Okay, I have to explain a bit here…… I admit, it did cross my mind a couple times whilst we were cycling and prior to the Queen’s Jubilee weekend that it would be funny if Andres and I happen to stumble upon a village celebration and have the opportunity to ‘gate crash’ in a sense…. and then we arrived in Berkeley this sunny afternoon.  Tables were laid out in the town square, dainty sandwiches, jugs of Pimms and glorious fruit cake – just like in the movies!  I asked Andres if he could stay with the bikes for a moment while I have a little stroll around the celebrations and see if I could find us a pint or cake or anything interesting… I come back a few moments later with a glass of Bollinger and an invitation to stay at Peter and Wendy’s place!  Indeed feeling like we were in Never Never Land or some kind of fairy tale, we proceeded to have a generous supper in their garden with more champagne, seafood, and meringues!!!  Then a walk up the hill with the other villagers to light the traditional beacon.  It all felt like a dream.  How funny….. our eternal gratitude to Peter and Wendy for their kindness and generosity.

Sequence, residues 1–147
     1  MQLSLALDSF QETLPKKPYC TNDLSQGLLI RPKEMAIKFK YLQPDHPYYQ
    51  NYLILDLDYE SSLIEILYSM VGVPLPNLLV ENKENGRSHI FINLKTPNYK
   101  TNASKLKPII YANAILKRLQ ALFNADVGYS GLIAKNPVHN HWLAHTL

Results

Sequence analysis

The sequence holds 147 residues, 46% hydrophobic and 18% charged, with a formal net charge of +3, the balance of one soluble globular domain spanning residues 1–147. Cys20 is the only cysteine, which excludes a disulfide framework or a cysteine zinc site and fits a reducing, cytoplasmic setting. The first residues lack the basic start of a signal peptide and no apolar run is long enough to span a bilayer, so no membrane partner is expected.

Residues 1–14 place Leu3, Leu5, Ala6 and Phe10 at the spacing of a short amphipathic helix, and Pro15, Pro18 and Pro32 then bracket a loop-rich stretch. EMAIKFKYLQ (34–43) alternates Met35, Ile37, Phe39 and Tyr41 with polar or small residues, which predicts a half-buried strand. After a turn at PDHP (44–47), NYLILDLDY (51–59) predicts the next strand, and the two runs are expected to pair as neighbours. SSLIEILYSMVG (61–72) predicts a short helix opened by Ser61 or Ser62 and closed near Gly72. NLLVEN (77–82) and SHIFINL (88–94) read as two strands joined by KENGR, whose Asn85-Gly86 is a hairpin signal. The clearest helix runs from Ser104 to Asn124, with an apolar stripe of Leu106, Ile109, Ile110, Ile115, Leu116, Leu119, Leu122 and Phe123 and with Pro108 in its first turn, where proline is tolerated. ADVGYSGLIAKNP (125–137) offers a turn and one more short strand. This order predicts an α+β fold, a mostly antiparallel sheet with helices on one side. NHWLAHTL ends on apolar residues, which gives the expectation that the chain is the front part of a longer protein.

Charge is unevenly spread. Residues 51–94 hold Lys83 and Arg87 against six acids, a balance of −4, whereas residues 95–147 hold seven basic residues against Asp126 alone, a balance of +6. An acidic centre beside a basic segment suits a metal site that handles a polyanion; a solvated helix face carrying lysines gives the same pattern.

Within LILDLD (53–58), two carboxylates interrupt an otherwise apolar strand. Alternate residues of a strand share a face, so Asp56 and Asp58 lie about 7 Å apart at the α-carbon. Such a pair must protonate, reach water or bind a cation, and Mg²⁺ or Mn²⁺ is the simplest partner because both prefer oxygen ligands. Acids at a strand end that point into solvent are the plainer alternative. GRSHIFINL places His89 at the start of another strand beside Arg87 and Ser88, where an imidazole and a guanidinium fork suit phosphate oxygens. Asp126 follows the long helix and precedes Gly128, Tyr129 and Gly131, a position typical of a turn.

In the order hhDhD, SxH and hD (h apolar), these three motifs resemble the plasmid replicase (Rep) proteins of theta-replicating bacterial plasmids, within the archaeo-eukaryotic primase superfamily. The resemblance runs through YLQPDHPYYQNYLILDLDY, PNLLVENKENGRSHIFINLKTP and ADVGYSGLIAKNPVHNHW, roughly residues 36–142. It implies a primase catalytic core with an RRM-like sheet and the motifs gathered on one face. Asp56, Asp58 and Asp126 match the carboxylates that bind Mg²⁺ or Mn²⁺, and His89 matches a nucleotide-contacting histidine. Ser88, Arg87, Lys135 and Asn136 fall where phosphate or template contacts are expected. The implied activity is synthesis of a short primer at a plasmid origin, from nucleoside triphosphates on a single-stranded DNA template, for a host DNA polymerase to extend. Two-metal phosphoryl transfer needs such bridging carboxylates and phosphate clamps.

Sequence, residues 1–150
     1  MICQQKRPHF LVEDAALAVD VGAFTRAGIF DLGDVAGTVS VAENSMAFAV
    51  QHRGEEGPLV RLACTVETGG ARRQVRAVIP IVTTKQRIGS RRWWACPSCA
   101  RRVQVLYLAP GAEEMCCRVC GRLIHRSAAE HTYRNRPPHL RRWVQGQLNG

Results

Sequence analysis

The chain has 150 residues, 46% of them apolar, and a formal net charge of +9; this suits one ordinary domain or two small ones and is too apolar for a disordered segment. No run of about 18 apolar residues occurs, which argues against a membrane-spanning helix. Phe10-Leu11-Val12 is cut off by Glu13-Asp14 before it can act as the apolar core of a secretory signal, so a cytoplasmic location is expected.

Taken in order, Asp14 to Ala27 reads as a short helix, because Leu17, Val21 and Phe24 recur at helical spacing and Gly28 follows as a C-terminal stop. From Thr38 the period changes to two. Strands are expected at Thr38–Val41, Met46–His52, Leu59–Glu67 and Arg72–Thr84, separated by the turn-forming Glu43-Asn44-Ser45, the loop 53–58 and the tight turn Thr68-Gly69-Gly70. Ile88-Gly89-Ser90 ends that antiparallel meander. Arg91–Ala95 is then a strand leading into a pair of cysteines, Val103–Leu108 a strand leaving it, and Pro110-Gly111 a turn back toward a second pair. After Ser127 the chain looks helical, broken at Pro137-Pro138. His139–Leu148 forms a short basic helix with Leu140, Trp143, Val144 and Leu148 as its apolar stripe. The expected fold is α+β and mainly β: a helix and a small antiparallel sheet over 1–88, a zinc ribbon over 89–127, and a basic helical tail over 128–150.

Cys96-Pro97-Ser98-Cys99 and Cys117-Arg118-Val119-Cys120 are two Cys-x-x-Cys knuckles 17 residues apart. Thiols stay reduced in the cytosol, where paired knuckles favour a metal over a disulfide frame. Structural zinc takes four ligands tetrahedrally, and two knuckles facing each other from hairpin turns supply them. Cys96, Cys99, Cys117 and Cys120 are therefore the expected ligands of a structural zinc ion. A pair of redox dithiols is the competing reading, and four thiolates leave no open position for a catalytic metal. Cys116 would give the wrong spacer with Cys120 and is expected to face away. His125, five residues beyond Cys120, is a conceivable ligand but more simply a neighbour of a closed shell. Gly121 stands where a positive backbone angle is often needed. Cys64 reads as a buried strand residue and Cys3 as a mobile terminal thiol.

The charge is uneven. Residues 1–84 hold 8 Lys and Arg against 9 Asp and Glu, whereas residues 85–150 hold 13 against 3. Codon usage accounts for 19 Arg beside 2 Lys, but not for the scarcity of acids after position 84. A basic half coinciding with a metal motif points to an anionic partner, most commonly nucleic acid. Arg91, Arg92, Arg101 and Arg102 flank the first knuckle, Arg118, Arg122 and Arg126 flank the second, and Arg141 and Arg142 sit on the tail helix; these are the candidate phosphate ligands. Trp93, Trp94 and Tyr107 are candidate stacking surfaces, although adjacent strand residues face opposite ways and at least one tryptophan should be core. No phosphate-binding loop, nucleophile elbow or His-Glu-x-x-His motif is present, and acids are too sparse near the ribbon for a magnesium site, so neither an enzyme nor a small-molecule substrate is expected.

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June – Veg patch at 4 Cross Hands Cottage, Gloucestershire

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Rosa at the reservoir

 

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Chillin with the chickens

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And to finish off for now here is a photo of the compost – good shit man!

It’s 2pm on Saturday 7th July.  Gonna have some lunch now and then help Andres finish off Rosa’s tree house.  I’ll leave it to him to add some photos of his creation – an incredible structure.  He dusted off the bikes this morning and then we’re off to Wales tomorrow!

We wish you all well and hope you’re enjoying the summer so far!  Oh and just to mention – we are planning to head to the Green Gathering in Chepstow, Monmouthshire 2nd – 5th Aug.  Let us know if you want to join us or just appear!

Big big love to all!